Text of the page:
Observers believe that the coalition’s intensive air strikes on Al Houthi defences in the Red Sea cities is paving the way for a ground offensive
Al Mukalla: Fierce clashes erupted on Wednesday in the city of Taiz, Southern Yemen, between the government forces and Al Houthi-backed army units loyal to the ousted president Ali Abdullah Saleh, local field commanders said.
At least 28 Al Houthis and six government loyalists were killed in the clashes as the rebel forces mount fresh attacks to control new territories in the densely populated city. Abd Hamoud, the commander of pro-government tribesmen, told Gulf News that Al Houthis and the ousted president’s forces attempted to breach the government’s defensive lines from different parts of the city. “They have sent a big number of forces and equipment to the city’s outskirt[s] and are trying to storm the city’s downtown from the eastern and western sides of the city,” he said.
Al Houthis, who have firmly controlled the city’s outskirts for more than a year, could not advance into the city’s centre despite heavy shelling and siege.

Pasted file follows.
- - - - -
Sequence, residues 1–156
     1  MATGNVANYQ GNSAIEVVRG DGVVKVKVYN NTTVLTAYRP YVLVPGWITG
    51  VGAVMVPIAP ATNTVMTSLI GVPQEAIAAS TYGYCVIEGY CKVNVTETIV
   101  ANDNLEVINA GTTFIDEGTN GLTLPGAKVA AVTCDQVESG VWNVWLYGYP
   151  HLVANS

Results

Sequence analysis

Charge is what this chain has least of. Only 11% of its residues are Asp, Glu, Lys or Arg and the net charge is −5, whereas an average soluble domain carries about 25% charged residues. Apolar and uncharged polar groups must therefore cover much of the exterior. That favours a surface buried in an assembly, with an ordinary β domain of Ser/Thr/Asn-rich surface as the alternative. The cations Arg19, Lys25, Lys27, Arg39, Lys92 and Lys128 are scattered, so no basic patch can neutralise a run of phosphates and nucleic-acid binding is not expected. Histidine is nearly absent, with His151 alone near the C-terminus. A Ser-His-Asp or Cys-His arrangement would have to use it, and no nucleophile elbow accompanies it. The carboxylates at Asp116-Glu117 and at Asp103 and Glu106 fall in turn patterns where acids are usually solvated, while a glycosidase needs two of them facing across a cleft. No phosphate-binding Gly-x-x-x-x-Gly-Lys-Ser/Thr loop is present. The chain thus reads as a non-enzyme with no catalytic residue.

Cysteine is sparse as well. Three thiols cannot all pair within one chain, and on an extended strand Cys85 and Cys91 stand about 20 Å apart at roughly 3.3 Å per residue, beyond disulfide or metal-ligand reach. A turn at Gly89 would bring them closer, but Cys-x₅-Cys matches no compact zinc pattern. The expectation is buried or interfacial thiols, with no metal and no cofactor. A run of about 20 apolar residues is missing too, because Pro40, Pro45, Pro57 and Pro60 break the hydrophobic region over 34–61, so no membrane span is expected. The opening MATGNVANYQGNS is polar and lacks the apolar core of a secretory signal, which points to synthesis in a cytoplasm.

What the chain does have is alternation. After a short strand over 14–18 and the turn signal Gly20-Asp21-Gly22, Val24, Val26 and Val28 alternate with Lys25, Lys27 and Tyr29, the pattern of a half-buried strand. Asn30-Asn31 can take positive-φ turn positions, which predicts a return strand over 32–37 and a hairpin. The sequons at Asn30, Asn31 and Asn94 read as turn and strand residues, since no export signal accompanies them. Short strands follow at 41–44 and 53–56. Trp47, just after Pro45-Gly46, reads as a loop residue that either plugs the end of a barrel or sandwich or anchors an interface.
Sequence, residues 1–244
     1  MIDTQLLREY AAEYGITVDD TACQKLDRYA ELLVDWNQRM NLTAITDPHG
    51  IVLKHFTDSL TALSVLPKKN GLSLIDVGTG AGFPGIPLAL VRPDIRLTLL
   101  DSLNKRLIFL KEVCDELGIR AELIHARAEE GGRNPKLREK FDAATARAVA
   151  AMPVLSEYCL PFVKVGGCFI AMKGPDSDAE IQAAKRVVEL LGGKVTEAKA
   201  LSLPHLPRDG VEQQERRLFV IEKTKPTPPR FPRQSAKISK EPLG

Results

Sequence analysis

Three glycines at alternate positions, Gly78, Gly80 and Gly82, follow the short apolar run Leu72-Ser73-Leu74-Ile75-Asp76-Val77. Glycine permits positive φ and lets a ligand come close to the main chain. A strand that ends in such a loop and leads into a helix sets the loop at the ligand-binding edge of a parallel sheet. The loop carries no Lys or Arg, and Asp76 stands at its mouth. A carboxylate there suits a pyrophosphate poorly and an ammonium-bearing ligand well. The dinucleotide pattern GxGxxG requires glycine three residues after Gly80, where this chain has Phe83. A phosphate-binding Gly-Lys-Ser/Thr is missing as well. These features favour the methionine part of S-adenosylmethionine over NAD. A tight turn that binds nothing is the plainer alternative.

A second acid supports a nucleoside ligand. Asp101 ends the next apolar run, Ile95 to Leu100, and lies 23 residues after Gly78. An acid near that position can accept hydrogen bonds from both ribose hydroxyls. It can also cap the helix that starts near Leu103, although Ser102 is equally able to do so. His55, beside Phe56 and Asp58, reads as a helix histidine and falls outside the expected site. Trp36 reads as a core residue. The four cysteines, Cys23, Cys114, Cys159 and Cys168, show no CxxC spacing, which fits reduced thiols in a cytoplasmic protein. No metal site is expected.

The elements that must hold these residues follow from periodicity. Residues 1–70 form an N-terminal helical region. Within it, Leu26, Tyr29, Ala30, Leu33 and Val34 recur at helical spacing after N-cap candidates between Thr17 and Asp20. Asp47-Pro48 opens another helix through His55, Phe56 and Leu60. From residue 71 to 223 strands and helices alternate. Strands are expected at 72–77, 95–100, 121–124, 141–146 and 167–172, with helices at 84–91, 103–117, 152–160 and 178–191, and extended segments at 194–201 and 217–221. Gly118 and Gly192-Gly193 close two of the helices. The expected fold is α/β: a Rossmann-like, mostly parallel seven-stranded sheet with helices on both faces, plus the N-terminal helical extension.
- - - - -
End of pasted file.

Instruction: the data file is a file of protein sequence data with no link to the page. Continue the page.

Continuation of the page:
Hamoud said that his forces recently took control of some strategic locations in the city and fought their way into the eastern side of the city in an attempt to break Al Houthis’ siege from the east. “We have pushed Al Houthis out of some hills. We are trying to take control of hilly locations that overlook Taiz Al Rahida road that links the city with Aden,” he said.
Hamoud said government forces are pushing to take control of Al Salo region to secure Rahida and Karash from an Al Houthi attack.
In August, government forces scored a major victory against Al Houthis by taking control of a vital checkpoint in the western suburbs of the city and officially declared partial end of Al Houthis siege that drove the city close to famine. Hamoud said that fighter jets from the Saudi-led coalition paved the way for their advances by destroying Al Houthi arms.
Also in Taiz, local media said that the coalition’s jets heavily struck the Red Sea town of Mokha on Tuesday and Wednesday. Residents told Al Masdar Online, an independent news site, that warplanes hit Al Houthi military sites in the strategic town. Observers here believe that the coalition’s intensive air strikes on Al Houthi defences in the Red Sea cities is apparently paving the way for imminent ground offensive.
Politically, pressure has mounted on President Abd Rabbo Mansour Hadi to accept the latest United Nations peace plan that suggests he take a figurehead role in exchange for Al Houthis’ withdrawal from main cities and handing over arms to a third party.